Before discussing the fungi causing corn leaf diseases it may be helpful to address the confusing names given to the pathogens. International standards, allowing for research communication across languages, was established in 1753 by Carl Linnaeus. Every known organism is assigned a Latin-based name for genus and species. Species that are determined to be closely related are assigned a common genus name. Furthermore, there is an International Code of Botanical Nomenclature in which there is a traditional agreement on the name.
Most plant species have traditionally been designated names and relationships based upon structures of flowers, with the assumption that this sexual reproduction stage would be genetically stable. This standard has been more difficult to apply to many fungi, including those that attack corn plants. Many of those have two types of reproductions. The asexual reproduction is often dominant as the spores (conidia) are produced without sexual recombination and, in some cases, are the only reproduction form of the fungus that is known. Consequently, a name was created based on the conidia for the corn pathogen causing northern leaf blight as Helminthosporium turcicum in 1876. Because the conidia were long and dark, like a worm (Helminth) it and a similarly shaped fungus causing southern corn leaf blight (Helminthosporium maydis) were assumed to be in the same genus. In 1959, these two fungi were separated from other members of the genus Helminthosporium into a separate genus named Bipolaris. These names were still based upon conidia structure. Later, again based upon conidia structure, the genus was changed to Drechslera in 1966. In 1974, the northern leaf blight pathogen was given the name of Exserohilum turcicum, because of the microscopic structure of the conidia that is like a group of related fungi. Also in 1974, the rare sexual stage of this species was identified as being like others in the genus Setosphaeria. The sexual name generally takes precedence and thus the ‘official’ name should be Setosphaeria turcica.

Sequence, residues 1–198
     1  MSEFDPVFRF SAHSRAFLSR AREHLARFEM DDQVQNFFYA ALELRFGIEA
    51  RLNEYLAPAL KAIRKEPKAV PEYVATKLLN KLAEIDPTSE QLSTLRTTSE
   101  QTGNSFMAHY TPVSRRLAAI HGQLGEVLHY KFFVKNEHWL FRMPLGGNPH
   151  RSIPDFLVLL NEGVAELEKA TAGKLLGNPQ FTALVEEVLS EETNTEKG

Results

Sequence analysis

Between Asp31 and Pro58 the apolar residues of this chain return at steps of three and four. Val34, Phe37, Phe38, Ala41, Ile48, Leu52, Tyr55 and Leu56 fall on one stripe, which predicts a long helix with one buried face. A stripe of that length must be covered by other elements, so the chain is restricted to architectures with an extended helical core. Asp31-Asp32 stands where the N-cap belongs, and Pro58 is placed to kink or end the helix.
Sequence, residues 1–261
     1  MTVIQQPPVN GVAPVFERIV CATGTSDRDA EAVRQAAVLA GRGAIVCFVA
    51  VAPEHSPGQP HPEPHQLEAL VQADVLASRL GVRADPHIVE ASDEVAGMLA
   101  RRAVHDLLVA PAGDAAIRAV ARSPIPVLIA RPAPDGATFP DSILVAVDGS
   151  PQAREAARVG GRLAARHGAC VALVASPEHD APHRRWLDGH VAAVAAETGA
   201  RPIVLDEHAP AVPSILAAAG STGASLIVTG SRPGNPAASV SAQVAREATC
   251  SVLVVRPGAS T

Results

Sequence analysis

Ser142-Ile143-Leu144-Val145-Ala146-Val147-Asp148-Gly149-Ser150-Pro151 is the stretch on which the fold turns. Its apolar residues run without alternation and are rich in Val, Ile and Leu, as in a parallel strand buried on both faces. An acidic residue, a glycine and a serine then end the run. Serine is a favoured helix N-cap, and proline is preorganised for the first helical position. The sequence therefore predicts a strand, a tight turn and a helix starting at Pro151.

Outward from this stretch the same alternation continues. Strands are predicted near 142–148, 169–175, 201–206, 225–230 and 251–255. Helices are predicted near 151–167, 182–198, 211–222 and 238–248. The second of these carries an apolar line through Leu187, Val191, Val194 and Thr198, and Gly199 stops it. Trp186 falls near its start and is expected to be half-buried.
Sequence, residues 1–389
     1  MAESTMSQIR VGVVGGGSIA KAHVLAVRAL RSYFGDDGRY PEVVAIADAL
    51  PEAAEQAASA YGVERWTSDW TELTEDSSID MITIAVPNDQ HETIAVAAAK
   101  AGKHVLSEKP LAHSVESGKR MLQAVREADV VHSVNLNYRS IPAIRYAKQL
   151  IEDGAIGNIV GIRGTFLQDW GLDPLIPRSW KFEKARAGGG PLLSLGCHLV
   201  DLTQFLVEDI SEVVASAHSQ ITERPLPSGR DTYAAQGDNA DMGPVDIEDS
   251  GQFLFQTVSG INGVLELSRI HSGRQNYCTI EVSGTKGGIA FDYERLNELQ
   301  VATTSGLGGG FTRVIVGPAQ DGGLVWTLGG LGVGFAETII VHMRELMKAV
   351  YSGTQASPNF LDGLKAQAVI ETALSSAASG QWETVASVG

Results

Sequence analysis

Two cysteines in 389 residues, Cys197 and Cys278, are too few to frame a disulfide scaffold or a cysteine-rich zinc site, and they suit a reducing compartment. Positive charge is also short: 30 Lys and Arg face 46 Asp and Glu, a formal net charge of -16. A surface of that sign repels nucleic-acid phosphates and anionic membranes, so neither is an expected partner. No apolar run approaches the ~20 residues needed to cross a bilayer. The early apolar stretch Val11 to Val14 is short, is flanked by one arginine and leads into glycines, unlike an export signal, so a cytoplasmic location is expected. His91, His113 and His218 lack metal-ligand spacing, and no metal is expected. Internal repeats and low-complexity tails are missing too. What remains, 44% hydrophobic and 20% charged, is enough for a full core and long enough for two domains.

Formal literature concerning the cause of northern leaf blight will list the most recently accepted name first as well as the authors of the research giving it the name. The formal name for this fungus is Setosphaeria turcica (Luttr.) K.J. Leonard& Suggs. (syns. Bipolaris turcica (Pass.) Shoemaker. Drechslera turcica (Pass.) Subram. &P. C. Jain. Helminthosporium turcicum Pass. Trichometasphaereia turcica Luttr.)
These name histories, and the taxonomy features involved are of interest to those who study fungi per se (I was one) but those who are interested in diseases of corn mostly want the cause to be identified and do not want to be confused by the names. On one hand, we appreciate that the name correctly identifies the genetic relationships with other fungi and that it could lead to further understanding of its control, but on the other hand we do not want to be confused by the name changes. I like Helminthosporium turcicum but do adapt to Exserohilum turcicum in my communications with others in the practical aspects of corn. I cannot escape my mycological past, however, so the Latin names for a species will be italicized.
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About Corn Journal
The purpose of this blog is to share perspectives of the biology of corn, its seed and diseases in a mix of technical and not so technical terms with all who are interested in this major crop. With more technical references to any of the topics easily available on the web with a search of key words, the blog will rarely cite references but will attempt to be accurate. Comments are welcome but will be screened before publishing. Comments and questions directed to the author by emails are encouraged.